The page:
Doune Macdonald is Professor and Head of School of the School of Human Movement Studies, University of Queensland, Australia. Her research interests have addressed the challenges of curriculum reform and its impact, and more recently broader questions of physical activity, health and young people.
"For the emerging researcher, this is an invaluable source of possible tools for asking the important questions in a field of study. For the advanced student of physical education and youth sport, this is a refreshing approach to the challenging discipline of academic research. Recommended.", Choice magazine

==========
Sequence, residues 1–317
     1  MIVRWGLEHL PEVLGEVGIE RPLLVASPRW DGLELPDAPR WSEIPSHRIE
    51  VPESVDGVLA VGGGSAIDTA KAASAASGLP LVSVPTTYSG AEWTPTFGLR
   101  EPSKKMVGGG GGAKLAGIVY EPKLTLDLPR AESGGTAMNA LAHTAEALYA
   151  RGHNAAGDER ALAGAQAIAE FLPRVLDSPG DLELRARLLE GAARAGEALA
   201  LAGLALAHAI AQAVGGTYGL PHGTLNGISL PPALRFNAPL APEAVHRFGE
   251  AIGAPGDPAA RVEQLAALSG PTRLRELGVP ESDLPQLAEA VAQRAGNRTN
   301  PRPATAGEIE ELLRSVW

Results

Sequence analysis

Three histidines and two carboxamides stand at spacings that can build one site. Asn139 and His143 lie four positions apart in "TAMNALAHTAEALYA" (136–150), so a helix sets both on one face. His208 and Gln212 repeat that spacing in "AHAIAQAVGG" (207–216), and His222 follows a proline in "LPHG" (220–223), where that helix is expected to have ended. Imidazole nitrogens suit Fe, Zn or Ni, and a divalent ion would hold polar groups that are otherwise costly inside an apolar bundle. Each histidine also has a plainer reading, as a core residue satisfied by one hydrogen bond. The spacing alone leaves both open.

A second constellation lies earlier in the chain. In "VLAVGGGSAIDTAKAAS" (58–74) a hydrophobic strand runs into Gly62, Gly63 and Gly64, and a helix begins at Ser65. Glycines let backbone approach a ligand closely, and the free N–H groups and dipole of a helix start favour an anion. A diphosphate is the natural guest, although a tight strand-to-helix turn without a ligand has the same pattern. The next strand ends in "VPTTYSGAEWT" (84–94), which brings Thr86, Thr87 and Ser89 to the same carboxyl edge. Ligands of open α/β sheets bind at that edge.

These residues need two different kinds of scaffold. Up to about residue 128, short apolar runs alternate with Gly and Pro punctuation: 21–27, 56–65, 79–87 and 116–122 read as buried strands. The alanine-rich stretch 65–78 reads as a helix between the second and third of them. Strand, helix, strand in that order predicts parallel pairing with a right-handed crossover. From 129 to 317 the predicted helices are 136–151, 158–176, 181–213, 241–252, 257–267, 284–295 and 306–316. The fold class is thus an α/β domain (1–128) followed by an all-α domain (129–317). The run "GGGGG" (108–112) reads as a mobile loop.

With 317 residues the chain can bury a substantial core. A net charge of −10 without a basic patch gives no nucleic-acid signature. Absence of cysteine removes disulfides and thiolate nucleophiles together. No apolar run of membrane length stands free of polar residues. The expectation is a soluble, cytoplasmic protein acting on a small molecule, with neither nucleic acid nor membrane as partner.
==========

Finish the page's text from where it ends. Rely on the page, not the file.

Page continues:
"Strengths of the text are that is it well written throughout, and the examples used will be relevant and interesting to the reader. The writing style throughout is accessible to the novice researcher, and this is a text that will cover the needs of those beginning their research journey in the field of youth sport and physical education, as well as those slightly more advanced researchers, for example those beginning doctoral research will find this book a good starting point [...] this will be a welcome addition to the research methods literature in sport, and one that I could fully recommend to anyone starting their research journey in the area." Ian Jones - Bournemouth University